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Celtic hold all the cards in face of Tierney interest

 • by Stefan Bienkowski
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Rarely a week goes by when Celtic star Kieran Tierney isn’t linked with a Premier League giant. 

The full-back was a transfer target for Manchester United earlier this season.

These reports rarely seem spontaneous. At the very least they’re conveniently timed during lulls in the news cycle, such as during an international break.

Yet speculation linking Tierney to a club the size of United isn’t entirely beyond reason. The 20-year-old talent should be courting such intrigue and offers are likely to come this summer.

What seems a little off, however, is the £20million figure. Although a number of factors often come in to play, and the price clubs pay for players is never entirely what they suggest to the media, there’s little doubt Tierney is worth double what has been quoted. 

For a start, his rise at Celtic is almost entirely unprecedented. Although the Glasgow club have a long history of producing young players, someone of the full-back’s talent hasn’t been seen in the green and white hoops since perhaps Aiden McGeady first burst on to the scene.

But alongside McGeady’s unquestionable, yet inconsistent, talent, Tierney looks far more determined, mature and resolute in his ambitions.

It’s easy to forget the man from Wishaw is still young. He made his debut at the age of 17 and has since played over 120 senior games for the club. This season he also filled in as captain during the League Cup campaign. Not bad for someone who doesn’t turn 21 until June. 

Tierney will move on at some point, it’s inevitable. He has dominated in his position domestically but has also proven, crucially, he has the quality to hold his own in the Champions League. He has two group stage campaigns under his belt in which he demonstrated he can handle the pressure and step up in quality.

When trying to decipher what price tag Celtic can demand for the full-back, the nature of the market must be taken into account in addition to the manner in which Celtic tend to sell their best players.  

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Victor Wanyama, Virgil van Dijk and Fraser Forster all left Celtic Park for fees varying between £10-12million, suggesting a player of their quality or promise would go for something similar.

However, three years have passed since the last big transfer deal was struck between the Hoops and a Premier League club and inflation has taken its toll.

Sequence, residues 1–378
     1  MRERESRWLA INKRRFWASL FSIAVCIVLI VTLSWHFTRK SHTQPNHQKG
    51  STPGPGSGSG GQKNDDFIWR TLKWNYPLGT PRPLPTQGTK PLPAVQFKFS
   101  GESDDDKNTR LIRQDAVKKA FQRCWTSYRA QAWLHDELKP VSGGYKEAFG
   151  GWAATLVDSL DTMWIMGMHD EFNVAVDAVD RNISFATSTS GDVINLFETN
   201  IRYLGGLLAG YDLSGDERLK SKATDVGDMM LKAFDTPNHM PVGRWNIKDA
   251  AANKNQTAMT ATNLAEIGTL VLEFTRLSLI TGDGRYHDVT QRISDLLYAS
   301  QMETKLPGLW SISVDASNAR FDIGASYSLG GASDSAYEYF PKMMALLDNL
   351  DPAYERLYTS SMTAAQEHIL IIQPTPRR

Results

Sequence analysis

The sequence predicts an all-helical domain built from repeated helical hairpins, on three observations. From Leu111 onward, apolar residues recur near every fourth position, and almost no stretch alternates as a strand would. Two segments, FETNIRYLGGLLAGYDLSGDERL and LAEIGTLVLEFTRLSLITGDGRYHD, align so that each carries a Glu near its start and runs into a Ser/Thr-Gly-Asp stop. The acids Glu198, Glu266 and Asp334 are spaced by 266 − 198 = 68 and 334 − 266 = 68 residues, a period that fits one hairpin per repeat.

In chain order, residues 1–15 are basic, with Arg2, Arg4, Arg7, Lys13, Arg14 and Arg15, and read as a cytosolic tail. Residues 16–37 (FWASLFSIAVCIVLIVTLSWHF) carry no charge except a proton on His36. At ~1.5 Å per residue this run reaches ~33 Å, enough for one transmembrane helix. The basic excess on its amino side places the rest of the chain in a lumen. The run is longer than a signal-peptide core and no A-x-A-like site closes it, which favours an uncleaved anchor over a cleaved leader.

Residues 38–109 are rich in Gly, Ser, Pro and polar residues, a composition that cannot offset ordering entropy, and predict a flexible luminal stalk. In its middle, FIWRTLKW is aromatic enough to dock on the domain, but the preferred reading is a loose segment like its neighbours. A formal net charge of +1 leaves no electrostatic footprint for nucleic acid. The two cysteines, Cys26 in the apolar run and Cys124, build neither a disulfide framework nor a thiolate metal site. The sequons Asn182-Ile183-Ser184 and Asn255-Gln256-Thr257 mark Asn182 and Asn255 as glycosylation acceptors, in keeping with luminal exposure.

If Tierney is viewed through the very narrow prism of a Premier League point of view, then comparisons to three players that have proven their worth at Southampton, or gone on to bigger and better things, will only add weight to the argument that a talented individual at Celtic rarely struggles to adapt to the English top flight.

Similarly, comparisons to his compatriot and fellow left-back, Andy Robertson must be taken into consideration. Although Robertson worked his way up the ladder at Hull City before a modest fee took him to Liverpool, you’d struggle to find a Premier League viewer who doesn’t believe that the £8million spent on his services are now considered an absolute steal.

Any player thought by many to be a worthy challenger to his position for Scotland should be valued just as highly.

Of course, once we’re done with the calculators, scouting reports and career comparisons to each an every player to have ever played for Scotland or Celtic, we also have to take into consideration the simple fact that the Scottish champions hold all the cards in any possible transfer saga.

Although player loyalty in the modern game is often no more than a myth, Tierney is a genuine Celtic fan and proved as much by signing a new contract this season that would see him say at the club until 2023.

Sure, long-term deals are there to be broken but only a fool would question the love and devotion this young man has shown.

Unlike Van Dijk, Wanyama or even Forster, Celtic wouldn’t be going into any negotiations knowing that, ultimately, the player will force their hand.

When it comes to Tierney, they know it would take something truly special to turn his head, not just some half-hearted offer from Southampton, Tottenham Hotspur or perhaps even Mourinho’s Manchester United.

Couple that with Celtic recently reporting huge profits and a cash reserve beyond £20million, and the club does not need to sell any of its key players to balance the books.

Tierney may one day leave Celtic for a club in England or further afield, but when he does it’ll almost certainly be for a value far north of £20million. Especially if he continues improving at the rate he has shown to date.

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